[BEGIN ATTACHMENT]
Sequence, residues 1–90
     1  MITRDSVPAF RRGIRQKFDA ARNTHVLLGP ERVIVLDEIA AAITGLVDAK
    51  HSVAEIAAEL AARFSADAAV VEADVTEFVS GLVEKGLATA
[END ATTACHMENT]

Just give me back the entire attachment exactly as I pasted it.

Sequence, residues 1–90
     1  MITRDSVPAF RRGIRQKFDA ARNTHVLLGP ERVIVLDEIA AAITGLVDAK
    51  HSVAEIAAEL AARFSADAAV VEADVTEFVS GLVEKGLATA